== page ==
First fleeter Frederick Meredith's descendants gather in Port Macquarie, October 13, 14.

Family connections: Marilyn Ayres,  Rod Ayres,  Peta Goodwill, Isabel Browne, Ellen Brown, Jane Meredith and Ken Meredith.
Family connections: Marilyn Ayres, Rod Ayres, Peta Goodwill, Isabel Browne, Ellen Brown, Jane Meredith and Ken Meredith.

What's in a name? Plenty if you are a descendant of first fleeter Frederick Meredith.

The descendants of Frederick and more significantly his daughter Charlotte Meredith Stewart Farrell with gather on October 13 and 14 to celebrate as part of the John Oxley Bicentenary celebrations.

Charlotte became an early settler in Port Macquarie. 

She led a busy life and raised a large family, according to Marilyn Ayres, a member of the Frederick Meredith Descendants Group.

"It is the descendants of these children who will gather at The Westport Club on October 13 and share stories, family history and memorabilia," she said.

Charlotte was born on April 26, 1794 and was baptised at St. Phillip’s on June 11, 1794.  It is believed she grew up on the Hawkesbury with her mother, Mary Inch. 

"Charlotte married twice, firstly to William Stewart, master mariner, and secondly to Charles Farrell, an emigrant from Ireland. 

"William died in a shipping accident near Twofold Bay in 1821, leaving Charlotte with no income and five children to raise - Jane, Robert, John, Samuel and William.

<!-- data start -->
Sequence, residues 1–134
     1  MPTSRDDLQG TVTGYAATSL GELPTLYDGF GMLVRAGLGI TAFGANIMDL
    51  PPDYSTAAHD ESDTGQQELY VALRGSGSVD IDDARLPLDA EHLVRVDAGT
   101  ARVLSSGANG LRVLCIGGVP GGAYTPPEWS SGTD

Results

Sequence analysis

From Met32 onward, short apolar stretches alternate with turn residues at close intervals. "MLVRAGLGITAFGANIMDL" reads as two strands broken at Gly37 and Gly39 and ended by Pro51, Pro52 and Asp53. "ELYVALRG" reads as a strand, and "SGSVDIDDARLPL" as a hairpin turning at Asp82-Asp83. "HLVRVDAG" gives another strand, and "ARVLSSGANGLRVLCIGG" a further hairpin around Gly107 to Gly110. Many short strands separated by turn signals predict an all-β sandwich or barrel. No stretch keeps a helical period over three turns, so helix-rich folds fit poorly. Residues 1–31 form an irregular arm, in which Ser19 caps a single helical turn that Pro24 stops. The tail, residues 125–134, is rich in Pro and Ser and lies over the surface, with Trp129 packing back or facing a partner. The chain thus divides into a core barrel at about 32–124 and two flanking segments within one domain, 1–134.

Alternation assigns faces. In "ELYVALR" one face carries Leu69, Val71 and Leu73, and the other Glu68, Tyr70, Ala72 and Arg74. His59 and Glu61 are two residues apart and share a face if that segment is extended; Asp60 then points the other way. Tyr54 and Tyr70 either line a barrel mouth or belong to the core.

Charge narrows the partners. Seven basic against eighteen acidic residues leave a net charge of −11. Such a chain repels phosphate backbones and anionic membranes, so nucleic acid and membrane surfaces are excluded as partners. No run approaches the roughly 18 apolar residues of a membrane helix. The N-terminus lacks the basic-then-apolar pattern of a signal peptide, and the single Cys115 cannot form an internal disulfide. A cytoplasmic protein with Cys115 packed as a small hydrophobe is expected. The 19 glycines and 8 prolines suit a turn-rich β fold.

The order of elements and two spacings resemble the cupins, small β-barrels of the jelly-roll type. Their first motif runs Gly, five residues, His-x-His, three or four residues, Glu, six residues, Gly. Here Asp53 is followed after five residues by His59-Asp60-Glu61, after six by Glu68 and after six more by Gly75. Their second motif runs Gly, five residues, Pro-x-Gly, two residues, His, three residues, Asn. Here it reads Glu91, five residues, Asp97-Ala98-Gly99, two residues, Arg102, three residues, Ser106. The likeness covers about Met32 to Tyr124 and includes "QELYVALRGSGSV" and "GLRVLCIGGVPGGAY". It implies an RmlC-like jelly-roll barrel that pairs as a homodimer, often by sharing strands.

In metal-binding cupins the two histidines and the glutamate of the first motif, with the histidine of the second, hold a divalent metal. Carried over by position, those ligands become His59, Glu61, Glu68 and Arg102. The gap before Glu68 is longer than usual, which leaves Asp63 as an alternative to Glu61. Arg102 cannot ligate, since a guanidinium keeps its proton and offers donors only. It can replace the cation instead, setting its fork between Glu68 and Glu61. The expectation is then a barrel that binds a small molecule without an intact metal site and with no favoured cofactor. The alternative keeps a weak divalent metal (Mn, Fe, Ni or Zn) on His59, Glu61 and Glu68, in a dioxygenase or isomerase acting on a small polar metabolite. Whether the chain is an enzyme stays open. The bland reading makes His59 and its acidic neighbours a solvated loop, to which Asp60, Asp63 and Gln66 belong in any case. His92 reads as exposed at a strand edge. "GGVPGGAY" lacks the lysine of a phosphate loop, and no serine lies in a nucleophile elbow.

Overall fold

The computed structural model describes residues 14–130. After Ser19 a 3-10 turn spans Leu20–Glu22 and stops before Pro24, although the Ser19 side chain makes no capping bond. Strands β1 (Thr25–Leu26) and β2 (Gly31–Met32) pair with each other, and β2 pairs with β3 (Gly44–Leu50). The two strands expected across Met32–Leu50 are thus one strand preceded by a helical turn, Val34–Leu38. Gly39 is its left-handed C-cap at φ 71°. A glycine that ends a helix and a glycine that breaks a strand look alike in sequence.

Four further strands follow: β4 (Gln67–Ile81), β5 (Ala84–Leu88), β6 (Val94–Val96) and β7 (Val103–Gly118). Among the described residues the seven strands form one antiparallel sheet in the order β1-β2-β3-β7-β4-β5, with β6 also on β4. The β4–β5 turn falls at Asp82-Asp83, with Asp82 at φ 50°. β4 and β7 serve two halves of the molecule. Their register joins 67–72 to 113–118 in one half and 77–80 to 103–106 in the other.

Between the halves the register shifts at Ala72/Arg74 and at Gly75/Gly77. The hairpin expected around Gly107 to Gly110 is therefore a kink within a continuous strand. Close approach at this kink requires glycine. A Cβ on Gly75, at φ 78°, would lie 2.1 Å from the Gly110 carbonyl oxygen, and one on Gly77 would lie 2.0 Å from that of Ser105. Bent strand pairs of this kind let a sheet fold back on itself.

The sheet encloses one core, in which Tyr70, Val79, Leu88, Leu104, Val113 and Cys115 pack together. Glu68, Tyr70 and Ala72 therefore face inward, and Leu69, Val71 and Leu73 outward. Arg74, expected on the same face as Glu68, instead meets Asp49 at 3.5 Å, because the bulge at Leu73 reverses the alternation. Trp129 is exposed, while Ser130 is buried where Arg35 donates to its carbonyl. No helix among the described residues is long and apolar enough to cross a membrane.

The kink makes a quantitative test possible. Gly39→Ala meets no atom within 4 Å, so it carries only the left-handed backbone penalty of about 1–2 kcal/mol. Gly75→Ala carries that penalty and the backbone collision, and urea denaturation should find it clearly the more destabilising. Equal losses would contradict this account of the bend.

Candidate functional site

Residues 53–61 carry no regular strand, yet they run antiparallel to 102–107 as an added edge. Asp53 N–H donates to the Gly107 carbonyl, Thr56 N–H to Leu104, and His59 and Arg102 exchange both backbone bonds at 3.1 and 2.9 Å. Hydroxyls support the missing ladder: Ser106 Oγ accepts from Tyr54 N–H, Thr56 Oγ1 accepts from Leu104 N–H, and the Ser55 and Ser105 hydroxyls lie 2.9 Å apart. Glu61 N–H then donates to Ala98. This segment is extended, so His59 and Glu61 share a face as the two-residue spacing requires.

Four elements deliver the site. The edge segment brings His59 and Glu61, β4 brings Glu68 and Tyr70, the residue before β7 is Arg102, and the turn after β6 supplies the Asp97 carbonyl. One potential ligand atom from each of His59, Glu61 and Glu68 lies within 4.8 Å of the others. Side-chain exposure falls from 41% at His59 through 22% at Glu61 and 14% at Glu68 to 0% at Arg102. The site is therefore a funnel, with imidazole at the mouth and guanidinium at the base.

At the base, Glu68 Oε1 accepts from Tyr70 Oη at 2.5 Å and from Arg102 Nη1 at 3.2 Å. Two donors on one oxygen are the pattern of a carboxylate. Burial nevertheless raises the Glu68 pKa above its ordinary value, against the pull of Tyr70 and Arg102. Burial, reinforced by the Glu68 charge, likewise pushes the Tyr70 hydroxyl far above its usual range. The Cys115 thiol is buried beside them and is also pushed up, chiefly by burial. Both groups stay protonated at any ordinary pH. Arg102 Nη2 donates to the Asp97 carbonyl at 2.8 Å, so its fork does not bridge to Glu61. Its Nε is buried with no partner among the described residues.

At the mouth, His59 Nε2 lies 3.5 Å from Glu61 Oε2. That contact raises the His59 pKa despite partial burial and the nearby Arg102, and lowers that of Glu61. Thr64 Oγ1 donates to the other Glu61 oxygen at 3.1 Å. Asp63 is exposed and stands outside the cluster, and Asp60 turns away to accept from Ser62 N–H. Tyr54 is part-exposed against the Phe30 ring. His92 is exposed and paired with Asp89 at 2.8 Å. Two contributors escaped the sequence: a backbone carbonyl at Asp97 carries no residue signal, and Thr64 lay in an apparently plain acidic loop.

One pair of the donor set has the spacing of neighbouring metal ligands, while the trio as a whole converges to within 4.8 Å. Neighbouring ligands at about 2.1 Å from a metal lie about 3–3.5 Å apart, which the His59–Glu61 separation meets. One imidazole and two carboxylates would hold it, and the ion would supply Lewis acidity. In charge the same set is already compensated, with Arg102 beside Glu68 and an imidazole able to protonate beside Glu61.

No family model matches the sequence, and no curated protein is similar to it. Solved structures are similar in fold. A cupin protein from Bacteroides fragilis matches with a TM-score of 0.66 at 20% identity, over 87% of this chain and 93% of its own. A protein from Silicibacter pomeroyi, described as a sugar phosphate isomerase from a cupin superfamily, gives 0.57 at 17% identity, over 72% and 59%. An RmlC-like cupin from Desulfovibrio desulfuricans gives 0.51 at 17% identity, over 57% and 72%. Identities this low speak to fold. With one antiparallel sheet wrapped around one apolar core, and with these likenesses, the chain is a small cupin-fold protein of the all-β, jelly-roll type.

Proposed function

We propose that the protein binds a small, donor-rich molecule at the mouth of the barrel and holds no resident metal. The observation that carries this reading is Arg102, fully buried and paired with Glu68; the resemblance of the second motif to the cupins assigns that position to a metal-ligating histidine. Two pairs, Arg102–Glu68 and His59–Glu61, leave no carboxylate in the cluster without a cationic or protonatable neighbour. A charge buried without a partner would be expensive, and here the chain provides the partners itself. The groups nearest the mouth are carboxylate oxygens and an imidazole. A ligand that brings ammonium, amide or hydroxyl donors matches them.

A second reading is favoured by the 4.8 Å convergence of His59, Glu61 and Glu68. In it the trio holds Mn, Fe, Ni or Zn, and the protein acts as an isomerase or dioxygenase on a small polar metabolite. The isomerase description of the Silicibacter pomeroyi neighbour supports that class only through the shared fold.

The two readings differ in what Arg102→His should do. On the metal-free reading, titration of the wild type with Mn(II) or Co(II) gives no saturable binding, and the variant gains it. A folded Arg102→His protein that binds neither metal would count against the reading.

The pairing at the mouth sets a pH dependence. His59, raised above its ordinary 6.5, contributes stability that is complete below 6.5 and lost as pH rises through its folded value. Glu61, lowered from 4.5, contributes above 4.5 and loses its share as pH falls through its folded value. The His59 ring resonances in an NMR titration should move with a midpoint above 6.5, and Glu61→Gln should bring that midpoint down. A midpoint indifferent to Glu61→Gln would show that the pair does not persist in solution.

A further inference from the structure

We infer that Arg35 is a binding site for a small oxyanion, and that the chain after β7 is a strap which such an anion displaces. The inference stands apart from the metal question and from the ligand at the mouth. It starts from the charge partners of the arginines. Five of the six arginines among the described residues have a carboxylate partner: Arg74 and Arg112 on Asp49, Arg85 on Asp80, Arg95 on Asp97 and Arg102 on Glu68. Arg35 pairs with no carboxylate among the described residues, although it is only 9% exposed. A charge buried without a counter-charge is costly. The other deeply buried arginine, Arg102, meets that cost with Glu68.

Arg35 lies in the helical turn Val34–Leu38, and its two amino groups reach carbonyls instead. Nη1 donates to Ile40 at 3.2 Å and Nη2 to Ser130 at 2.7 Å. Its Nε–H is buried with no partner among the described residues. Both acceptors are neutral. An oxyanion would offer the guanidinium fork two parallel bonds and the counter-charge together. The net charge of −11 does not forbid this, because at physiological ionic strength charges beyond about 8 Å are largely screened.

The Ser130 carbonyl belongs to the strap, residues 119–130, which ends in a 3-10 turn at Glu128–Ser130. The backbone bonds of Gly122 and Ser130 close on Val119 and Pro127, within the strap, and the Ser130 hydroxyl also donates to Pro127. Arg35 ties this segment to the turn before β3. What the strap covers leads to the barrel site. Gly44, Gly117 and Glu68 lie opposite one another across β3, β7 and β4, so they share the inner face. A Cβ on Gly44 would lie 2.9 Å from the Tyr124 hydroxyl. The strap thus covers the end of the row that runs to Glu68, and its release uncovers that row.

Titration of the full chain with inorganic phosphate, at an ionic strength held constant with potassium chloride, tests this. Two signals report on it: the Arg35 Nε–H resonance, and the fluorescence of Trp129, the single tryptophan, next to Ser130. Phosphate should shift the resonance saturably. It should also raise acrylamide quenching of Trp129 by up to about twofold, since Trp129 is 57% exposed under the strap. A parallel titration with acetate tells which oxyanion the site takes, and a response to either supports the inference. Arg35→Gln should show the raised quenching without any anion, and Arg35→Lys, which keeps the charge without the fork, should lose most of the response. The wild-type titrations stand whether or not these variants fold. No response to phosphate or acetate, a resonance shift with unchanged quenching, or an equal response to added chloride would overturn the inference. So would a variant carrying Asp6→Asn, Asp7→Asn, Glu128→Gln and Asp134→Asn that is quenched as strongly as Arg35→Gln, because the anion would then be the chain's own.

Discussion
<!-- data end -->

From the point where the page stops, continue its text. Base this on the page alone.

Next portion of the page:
"Charles Farrell arrived in the colony in 1824 from Mullingan, County Westmeath, Ireland. He was accompanied by his son, Edward, who was about 18 years old. 

"Charles’ wife, Mary Cuffe and one child died on the voyage.  Charles was a prodigious letter writer and about 148 letters survive and detail his life and opinions from January 1820 until his death in 1842. 

"He gained employment in the colony as Surveyor of Distilleries, Inspector of Linen and Yarn, and as tide waiter."

Charles was a prodigious letter writer and about 148 letters survive and detail his life and opinions from January 1820 until his death in 1842.

Marilyn Ayres

The Farrell family moved to Port Macquarie soon after it was opened to free settlers. They lived in a cottage upon arrival but eventually settled on a land grant at Limeburners Creek. 

His business enterprises began with a House of Intertainment in 1830; this allowed him to sell wines, malt and spiritous liquors.

"Three more children were added to the family in Port Macquarie,  Charlotte Rowena, Charles Frederick and William Thomas," Ms Ayres said.

Charles Farrell concentrated on breeding horses and cattle on his property.  He died in 1842 and is buried in the Historical cemetery. 

Charlotte died in 1852 aged 57 years. She had lived through a half-century of exceptional change, challenge, hardship and adventure. She had raised eleven children, three with William Stewart, five with Charles Farrell and three step-children.

Family names connected with Charlotte’s descendants include Warlters,  Blair, Gustafson, Furnifull, Lackey, Smith, McInherney and Farrell.

On the Macleay River many would remember Charles Warlters Farrell, better known as ‘Beau’.

One of the features of Saturday’s gathering will be a report on the historical connections established by the FMDG’s DNA testing results.

Further information from Marilyn Ayres 0437822477, Isabel Browne 65626303 or just turn up at the Westport Club from 9am. 

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